Armstrong Atlantic State Men's Golf Rapidly Becoming Wolfe's Pack
Head coach Michael Butler approached his eighth season as head
coach of the Armstrong Atlantic State men's golf team with a little
bit of trepidation. With nine players leaving from last season's
squad that hosted the 2007 Atlantic/Southeast Regional and could
not advance out of the region into nationals, he knew that the
2007-08 season might contain some early season adversity.
Enter Chris Wolfe.
The only returning starter from last season's squad, Wolfe entered this season as the unquestioned No. 1 player for coach Butler and the Pirates. And all Wolfe has done is responded with two tournament titles in his first two events of the fall, sporting a 66.75 stroke average after the Kiawah Island Invitational in South Carolina and the Coker College Invitational in Florida.
"Chris accepted the challenge of being a strong leader for us this season," coach Butler said. "He's a vocal leader, but he also leads by example, and I think his scores so far are showing that."
Wolfe blistered the field at Kiawah Island Invitational with scores of 65 and 68 to win by four strokes with an 11-under-par 132 total - his fourth collegiate tournament title. Since AASU reinstated its men's golf program in 2000, the previous career high for tournament titles was two until Wolfe arrived. The win helped the Pirates to a second-place finish in the tournament, behind only NAIA Oklahoma Christian.
Not satisfied there, Wolfe and the Pirates traveled to Orlando this week for the Coker College Invitational, a prestigious field of 21 Division II teams in which 17 appeared in the latest GCAA Top 25 poll or were receiving votes. The Warner Robins, Ga., native fired rounds of 68 and 66 for a 10-under-par 133 total. Wolfe shared the invidivual title with St. Edwards' Matt Smith at 10-under as a playoff was not competed.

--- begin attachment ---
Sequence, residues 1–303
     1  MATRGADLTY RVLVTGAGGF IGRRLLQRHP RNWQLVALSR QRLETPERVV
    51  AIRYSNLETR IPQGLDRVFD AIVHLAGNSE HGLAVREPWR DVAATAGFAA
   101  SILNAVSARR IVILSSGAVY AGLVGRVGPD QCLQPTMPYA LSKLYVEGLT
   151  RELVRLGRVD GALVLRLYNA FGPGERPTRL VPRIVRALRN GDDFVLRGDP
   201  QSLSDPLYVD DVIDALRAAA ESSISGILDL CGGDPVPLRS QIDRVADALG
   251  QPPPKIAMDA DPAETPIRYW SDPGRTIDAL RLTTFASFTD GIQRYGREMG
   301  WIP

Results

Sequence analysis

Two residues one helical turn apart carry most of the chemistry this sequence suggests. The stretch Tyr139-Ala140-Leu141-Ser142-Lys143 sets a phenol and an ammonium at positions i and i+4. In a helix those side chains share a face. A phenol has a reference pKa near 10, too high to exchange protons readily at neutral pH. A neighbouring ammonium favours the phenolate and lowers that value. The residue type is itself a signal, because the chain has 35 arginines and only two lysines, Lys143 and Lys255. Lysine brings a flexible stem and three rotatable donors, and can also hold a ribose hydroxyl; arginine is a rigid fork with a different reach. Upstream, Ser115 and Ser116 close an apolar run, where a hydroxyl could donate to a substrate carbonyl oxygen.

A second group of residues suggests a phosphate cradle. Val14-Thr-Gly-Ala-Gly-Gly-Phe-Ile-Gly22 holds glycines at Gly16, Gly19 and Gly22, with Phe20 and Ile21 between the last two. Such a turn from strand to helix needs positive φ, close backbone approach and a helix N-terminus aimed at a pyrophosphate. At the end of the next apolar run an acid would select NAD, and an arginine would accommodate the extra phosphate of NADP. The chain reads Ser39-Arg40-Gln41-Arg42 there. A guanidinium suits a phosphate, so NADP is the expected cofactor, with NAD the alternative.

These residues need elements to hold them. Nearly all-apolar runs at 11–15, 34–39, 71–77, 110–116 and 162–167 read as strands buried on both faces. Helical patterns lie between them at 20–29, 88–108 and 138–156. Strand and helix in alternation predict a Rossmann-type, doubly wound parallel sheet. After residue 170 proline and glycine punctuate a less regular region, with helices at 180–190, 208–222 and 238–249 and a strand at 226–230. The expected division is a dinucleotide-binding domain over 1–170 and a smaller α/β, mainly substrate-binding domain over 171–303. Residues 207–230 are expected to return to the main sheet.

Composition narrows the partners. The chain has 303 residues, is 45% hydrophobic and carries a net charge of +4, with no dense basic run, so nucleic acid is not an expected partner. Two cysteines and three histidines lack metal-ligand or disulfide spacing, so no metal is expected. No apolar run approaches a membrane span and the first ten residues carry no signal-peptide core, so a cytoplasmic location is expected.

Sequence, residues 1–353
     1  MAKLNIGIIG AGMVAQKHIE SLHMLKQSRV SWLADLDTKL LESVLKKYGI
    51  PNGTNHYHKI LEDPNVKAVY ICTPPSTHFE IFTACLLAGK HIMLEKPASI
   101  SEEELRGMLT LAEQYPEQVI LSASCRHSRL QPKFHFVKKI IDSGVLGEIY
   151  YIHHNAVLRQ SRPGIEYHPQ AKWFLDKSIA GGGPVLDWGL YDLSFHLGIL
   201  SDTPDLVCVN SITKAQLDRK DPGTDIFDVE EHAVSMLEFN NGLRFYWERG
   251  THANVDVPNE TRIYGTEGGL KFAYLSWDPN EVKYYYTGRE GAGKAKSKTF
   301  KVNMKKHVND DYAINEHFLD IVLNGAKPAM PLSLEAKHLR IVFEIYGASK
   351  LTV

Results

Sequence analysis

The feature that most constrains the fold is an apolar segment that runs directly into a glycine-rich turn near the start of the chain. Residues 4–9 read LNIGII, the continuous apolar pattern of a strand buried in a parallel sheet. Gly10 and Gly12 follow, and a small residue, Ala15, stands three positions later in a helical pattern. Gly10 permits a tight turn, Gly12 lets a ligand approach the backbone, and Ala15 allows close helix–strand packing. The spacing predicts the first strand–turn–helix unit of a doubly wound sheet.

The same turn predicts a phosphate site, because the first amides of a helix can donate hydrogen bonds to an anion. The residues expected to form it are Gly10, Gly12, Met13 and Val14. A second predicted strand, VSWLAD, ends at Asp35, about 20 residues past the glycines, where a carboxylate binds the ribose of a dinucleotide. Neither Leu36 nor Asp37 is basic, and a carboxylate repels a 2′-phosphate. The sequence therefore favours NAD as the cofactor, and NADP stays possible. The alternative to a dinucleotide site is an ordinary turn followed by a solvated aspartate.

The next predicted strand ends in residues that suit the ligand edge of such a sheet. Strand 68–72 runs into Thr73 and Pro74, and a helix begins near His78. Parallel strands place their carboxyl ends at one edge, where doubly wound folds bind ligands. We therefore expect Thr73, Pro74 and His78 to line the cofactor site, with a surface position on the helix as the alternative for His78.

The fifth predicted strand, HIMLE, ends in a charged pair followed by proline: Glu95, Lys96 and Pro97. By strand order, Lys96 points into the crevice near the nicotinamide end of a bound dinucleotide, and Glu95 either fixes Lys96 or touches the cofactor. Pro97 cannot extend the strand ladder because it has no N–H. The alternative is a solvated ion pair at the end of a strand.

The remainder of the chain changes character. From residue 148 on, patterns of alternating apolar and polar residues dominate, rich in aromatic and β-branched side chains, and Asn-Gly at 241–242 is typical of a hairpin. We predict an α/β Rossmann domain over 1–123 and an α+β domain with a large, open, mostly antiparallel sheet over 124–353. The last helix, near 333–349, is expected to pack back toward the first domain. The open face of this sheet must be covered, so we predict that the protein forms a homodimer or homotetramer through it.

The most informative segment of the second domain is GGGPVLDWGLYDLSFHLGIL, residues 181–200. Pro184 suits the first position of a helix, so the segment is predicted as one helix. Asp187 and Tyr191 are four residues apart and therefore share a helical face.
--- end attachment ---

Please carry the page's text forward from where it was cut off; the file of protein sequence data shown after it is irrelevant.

The fifth tournament win already ranks the junior fifth on the Peach Belt Conference's list of most career tournament wins and the record of nine, set by USC Aiken's Scott Brown, seems well within reach.
"Chris not only has the potential to be one of the best players to play at Armstrong Atlantic, but could be one of the best players ever to play Division II golf," Butler said.
His four sub-70 rounds this year give him eight in his career as a Pirate. That's double the previous mark of four, set by Thomas Whittaker (2000-2004) and Chris Epperson (2002-2005). After a sophomore season in which Wolfe earned All-PBC and third-team GCAA All-America honors, what's been the difference this season?
"I'm not thinking too much out there," Wolfe said. "I'm just playing simple golf, taking it one shot at a time and one hole at time. Last year, I was more caught up in score and this year i'm focusing more on each shot."
"Chris is just more comfortable and more confident with his game this year," Butler said. "His mental game is as strong as I've ever seen it. He's also making more putts than I've ever seen."
Still, collegiate golf is a team sport and both Wolfe and coach Butler know that it will take more than just one golfer's low scores to bring the team back to its stated goal for the 2007-08 season - returning to the NCAA DII Men's Golf National Championships.
"We can get back there if we have our Nos. 3-5 players play better golf," Butler said. "They are motivated by Chris' start and how he is playing. They know that if they play well, with the way he's playing, they have a chance to win tournaments."
Wolfe feels that the chemistry of this year's team has them in position to do well, as well as improving his own game.
"We all get along on our team, we all chat. We all feel like brothers," Wolfe said. "I think that's helping me as a golfer and I think it'll help the team in the long run."
And Wolfe shooting six under par each round certainly won't hurt.
Wolfe and the Pirates next head to the AFLAC/Cougar Invitational on Oct. 1-2 at the Bull Creek Golf Club in Columbus, Ga., a tournament that Wolfe captured last season in a playoff after consecutive rounds of 69 for a four-under-par 138 total.